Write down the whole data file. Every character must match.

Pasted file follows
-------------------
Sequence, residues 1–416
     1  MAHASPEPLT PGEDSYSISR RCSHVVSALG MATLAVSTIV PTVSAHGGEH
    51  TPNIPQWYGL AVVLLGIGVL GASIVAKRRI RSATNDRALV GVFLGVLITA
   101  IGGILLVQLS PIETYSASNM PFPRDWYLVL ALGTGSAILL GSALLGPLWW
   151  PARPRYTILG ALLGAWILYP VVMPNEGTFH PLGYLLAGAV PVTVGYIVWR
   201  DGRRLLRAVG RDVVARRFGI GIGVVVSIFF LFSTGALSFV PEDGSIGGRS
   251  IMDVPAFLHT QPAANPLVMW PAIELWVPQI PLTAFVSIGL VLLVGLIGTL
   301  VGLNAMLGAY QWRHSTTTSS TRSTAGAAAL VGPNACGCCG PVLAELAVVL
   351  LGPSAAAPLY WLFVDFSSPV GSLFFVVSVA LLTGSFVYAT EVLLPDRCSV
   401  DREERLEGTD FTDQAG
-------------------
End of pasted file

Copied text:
Sequence, residues 1–416
     1  MAHASPEPLT PGEDSYSISR RCSHVVSALG MATLAVSTIV PTVSAHGGEH
    51  TPNIPQWYGL AVVLLGIGVL GASIVAKRRI RSATNDRALV GVFLGVLITA
   101  IGGILLVQLS PIETYSASNM PFPRDWYLVL ALGTGSAILL GSALLGPLWW
   151  PARPRYTILG ALLGAWILYP VVMPNEGTFH PLGYLLAGAV PVTVGYIVWR
   201  DGRRLLRAVG RDVVARRFGI GIGVVVSIFF LFSTGALSFV PEDGSIGGRS
   251  IMDVPAFLHT QPAANPLVMW PAIELWVPQI PLTAFVSIGL VLLVGLIGTL
   301  VGLNAMLGAY QWRHSTTTSS TRSTAGAAAL VGPNACGCCG PVLAELAVVL
   351  LGPSAAAPLY WLFVDFSSPV GSLFFVVSVA LLTGSFVYAT EVLLPDRCSV
   401  DREERLEGTD FTDQAG